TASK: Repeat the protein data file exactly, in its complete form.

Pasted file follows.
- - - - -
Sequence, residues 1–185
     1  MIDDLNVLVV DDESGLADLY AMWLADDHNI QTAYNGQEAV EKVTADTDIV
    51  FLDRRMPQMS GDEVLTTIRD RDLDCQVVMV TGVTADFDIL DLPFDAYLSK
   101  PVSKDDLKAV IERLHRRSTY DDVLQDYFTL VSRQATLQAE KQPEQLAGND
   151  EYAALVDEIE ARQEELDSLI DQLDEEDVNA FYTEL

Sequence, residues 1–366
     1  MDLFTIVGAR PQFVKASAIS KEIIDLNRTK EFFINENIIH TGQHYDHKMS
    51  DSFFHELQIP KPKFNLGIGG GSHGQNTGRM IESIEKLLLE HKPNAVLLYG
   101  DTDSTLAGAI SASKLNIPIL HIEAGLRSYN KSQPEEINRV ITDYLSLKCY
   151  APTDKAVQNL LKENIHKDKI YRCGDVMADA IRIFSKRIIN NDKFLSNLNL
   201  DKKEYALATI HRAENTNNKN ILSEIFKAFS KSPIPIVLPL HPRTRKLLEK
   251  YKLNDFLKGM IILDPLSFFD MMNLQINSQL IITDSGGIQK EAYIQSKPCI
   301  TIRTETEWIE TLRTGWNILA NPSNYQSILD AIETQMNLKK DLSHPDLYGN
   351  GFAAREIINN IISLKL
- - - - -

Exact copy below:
Sequence, residues 1–185
     1  MIDDLNVLVV DDESGLADLY AMWLADDHNI QTAYNGQEAV EKVTADTDIV
    51  FLDRRMPQMS GDEVLTTIRD RDLDCQVVMV TGVTADFDIL DLPFDAYLSK
   101  PVSKDDLKAV IERLHRRSTY DDVLQDYFTL VSRQATLQAE KQPEQLAGND
   151  EYAALVDEIE ARQEELDSLI DQLDEEDVNA FYTEL

Sequence, residues 1–366
     1  MDLFTIVGAR PQFVKASAIS KEIIDLNRTK EFFINENIIH TGQHYDHKMS
    51  DSFFHELQIP KPKFNLGIGG GSHGQNTGRM IESIEKLLLE HKPNAVLLYG
   101  DTDSTLAGAI SASKLNIPIL HIEAGLRSYN KSQPEEINRV ITDYLSLKCY
   151  APTDKAVQNL LKENIHKDKI YRCGDVMADA IRIFSKRIIN NDKFLSNLNL
   201  DKKEYALATI HRAENTNNKN ILSEIFKAFS KSPIPIVLPL HPRTRKLLEK
   251  YKLNDFLKGM IILDPLSFFD MMNLQINSQL IITDSGGIQK EAYIQSKPCI
   301  TIRTETEWIE TLRTGWNILA NPSNYQSILD AIETQMNLKK DLSHPDLYGN
   351  GFAAREIINN IISLKL